The Catcher in the Rye by J. D. Salinger

I developed a relation with Holden as the book progressed, not because I knew him, but because I have known and experienced many of the disappointments Holden has.

The Catcher in the Rye is a book in which we watch someone fall over the edge.

The Catcher in the Rye is, in one way or another, the story of every adolescent in this country. Every young person in America has experienced the hurt and depression that Holden Caulfield goes through.

As a college freshman only three weeks into a completely new environment, Holden . . . has taught me about relating to people. His lesson is not a positive one, though; it is a study in what NOT to do.

This character represents everything that society wasn't supposed to be in the late 1950s (when the book was released) and probably represented the reality of the minds of Americans. . . . This new insight gave me greater understanding of the book, its purpose and reflection of the "real" society behind the smiles and good life. However, I did not learn where the ducks go in the winter when the lake freezes over. That is still a mystery.

Holden is essentially a loner, but not because he dislikes people. His loneliness arises from the fact that no one seems to share his view of the world, no one understands what's going on in his head.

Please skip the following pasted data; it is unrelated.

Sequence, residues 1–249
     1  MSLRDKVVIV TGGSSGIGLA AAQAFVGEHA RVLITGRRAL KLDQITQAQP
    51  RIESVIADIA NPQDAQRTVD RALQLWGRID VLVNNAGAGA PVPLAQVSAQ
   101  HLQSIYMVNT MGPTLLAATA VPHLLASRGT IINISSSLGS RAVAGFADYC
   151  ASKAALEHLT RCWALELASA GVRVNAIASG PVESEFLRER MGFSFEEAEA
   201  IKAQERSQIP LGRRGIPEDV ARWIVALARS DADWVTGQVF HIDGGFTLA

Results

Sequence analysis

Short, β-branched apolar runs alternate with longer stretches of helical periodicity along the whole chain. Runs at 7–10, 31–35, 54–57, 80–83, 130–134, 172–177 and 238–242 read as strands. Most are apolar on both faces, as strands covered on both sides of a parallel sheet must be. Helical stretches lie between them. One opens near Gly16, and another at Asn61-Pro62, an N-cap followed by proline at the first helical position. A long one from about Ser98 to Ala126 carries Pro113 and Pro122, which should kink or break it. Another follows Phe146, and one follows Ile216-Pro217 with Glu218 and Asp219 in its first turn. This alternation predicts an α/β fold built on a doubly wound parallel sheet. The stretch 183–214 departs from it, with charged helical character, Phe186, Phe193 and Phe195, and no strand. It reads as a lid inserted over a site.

I, like everyone else, went through such a stage, but . . . . emotionally, I was "along for the ride" as opposed to Holden, who felt every small emotion that popped up inside of him.

One question that the reading and the class discussion raised is what would happen if Holden lived in the 1990s instead of the 1950s?

I became interested in tracing Holden's spending of money and the comments that he makes about his father being a rich lawyer and then in the same chapter saying "goddamn money. It always ends up making you blue as hell" (113). Though it seems like a background issue, there may be more to it than that. His attitudes towards and his own spending of money are somehow pivotal to the action of this story.

Through my thoughts on Mr. Antolini's message, I . . . contemplate if I too am in the proper environment. If the Brandeis community is the place where Mark Tapper, the individual, will flourish into a more educated person.